At NH Audubon, we care about the Arctic National Wildlife Refuge. Plans to expand oil exploration and drilling on this protected expanse of public lands threaten one of the last examples of a large intact, functioning ecosystem that still supports vast numbers of migrating birds and mammals.
The tax bill recently passed by the U.S. Senate includes a provision authorizing the sale of oil and gas leases in sensitive areas of the Refuge. Roads, pipelines, and power lines add to the acreage that would be lost if drilling development is approved. This is an issue about public lands that belong to all Americans.
Before the bill is finalized during debate between the House and the Senate, please contact your Senators and Representatives right away and urge them to reject drilling.
LINK to NH Senate and Congress with contact information
The core of the Arctic National Wildlife Refuge dates back to the Eisenhower Administration, when Fred A. Seaton, then Secretary of Interior, established the 8.9 million acre Arctic National Wildlife Range in Public Land order 2214 on December 6, 1960.
The Alaska National Interest Lands Conservation Act of 1980 re-designated the Range as part of the 19.6 million acre Arctic National Wildlife Refuge. This act also established the four purposes of the Refuge: to conserve animals and plants in their natural diversity, ensure a place for hunting and gathering activities, protect water quality and quantity, and fulfill international wildlife treaty obligations.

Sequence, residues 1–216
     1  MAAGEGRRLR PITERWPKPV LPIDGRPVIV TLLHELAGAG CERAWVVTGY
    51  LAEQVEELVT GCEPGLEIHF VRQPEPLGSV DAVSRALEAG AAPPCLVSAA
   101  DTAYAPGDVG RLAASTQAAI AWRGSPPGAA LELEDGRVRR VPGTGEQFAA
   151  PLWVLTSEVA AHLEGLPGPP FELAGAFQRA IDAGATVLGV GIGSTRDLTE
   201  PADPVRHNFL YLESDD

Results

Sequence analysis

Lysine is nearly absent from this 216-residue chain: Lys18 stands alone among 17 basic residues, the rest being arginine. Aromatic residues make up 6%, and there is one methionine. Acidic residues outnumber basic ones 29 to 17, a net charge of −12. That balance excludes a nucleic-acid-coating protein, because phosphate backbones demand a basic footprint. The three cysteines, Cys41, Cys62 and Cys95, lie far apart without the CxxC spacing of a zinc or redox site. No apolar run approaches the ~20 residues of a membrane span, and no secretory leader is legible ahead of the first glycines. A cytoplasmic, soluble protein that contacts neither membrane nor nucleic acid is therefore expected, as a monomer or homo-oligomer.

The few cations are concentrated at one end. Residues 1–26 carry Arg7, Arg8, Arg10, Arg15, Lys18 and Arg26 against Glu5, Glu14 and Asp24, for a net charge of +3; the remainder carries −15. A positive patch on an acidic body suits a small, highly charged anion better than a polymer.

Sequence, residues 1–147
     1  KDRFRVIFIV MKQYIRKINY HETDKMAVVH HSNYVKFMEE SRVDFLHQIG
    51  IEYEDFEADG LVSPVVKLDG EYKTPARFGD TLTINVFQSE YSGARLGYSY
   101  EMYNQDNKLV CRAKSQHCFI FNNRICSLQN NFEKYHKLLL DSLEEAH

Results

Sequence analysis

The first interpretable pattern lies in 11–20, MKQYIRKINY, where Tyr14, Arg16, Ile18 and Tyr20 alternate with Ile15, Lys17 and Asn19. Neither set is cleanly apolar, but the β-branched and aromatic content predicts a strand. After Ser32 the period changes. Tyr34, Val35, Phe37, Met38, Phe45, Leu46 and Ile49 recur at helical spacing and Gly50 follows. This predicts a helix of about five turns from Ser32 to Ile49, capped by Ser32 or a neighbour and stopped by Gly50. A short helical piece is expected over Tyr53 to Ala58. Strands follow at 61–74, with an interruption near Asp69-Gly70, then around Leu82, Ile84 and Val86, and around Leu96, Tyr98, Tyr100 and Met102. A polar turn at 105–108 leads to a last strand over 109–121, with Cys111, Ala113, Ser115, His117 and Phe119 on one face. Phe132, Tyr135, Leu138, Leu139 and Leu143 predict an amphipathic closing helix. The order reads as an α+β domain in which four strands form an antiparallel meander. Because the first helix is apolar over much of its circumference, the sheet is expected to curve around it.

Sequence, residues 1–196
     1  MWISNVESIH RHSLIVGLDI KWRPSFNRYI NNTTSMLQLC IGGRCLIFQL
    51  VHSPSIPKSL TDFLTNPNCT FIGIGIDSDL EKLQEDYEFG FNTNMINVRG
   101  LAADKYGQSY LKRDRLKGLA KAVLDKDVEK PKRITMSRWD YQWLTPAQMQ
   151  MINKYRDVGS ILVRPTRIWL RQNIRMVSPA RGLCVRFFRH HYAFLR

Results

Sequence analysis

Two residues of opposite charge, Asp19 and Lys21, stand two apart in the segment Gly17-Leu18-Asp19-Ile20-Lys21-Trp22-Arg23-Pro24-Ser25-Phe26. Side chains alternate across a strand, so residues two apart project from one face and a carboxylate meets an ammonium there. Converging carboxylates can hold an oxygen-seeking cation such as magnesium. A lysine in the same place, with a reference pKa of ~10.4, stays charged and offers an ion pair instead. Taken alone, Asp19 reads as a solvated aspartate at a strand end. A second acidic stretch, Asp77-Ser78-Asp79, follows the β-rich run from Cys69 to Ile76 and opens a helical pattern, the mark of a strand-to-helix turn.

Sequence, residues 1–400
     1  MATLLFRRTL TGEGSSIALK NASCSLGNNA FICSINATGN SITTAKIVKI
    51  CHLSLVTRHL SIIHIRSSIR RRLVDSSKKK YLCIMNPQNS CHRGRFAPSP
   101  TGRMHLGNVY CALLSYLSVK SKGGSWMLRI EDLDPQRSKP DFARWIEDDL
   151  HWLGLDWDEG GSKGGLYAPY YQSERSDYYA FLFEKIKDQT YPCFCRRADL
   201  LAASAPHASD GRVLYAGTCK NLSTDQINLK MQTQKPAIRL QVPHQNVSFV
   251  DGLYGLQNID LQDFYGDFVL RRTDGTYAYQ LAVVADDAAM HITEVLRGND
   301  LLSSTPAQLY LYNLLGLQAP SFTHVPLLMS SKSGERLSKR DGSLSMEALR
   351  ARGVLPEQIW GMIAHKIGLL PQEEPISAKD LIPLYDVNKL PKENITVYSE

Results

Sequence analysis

The Refuge includes the north and south slopes of the Brooks Range, which rises to elevations exceeding 8,500 ft., and a narrow coastal plain which extends 15-40 miles between the foothills and the Beaufort Sea. It is in this narrow strip of tundra, braided streams, and small lakes where oil exploration is being proposed. This narrow coastal lowland provides an important calving area for caribou and Alaska’s largest onshore denning area for polar bears. Common breeding birds include Cackling Goose, Pacific Loon, Tundra Swan, Semipalmated and American Golden plovers, Red-necked Phalarope, and Pectoral, Semipalmated and Upland sandpipers. As John Schoen, wildlife biologist, retired from Alaska Department of Fish and Game and Audubon Alaska, has pointed out, “If you overlay that narrow band of land with oil development, infrastructure of airfields and gravel roads and pipelines and pump stations, there really isn’t any place for the animals to go.”
To learn more about the Arctic National Wildlife Refuge, visit the U.S. Fish & Wildlife website: https://www.fws.gov/refuge/arctic/
To read excerpts from National Audubon* interviews with scientists who have spoken out against gas and oil development in the Refuge (including statements from Jeff Fair, who moved to Alaska after serving as Director of the Loon Preservation Committee from 1981 to 1991), visit http://www.audubon.org/news/in-their-words-scientists-why-arctic-refuge-must-remain-wild.
*Note that NH Audubon is an independent organization, and not affiliated with National Audubon.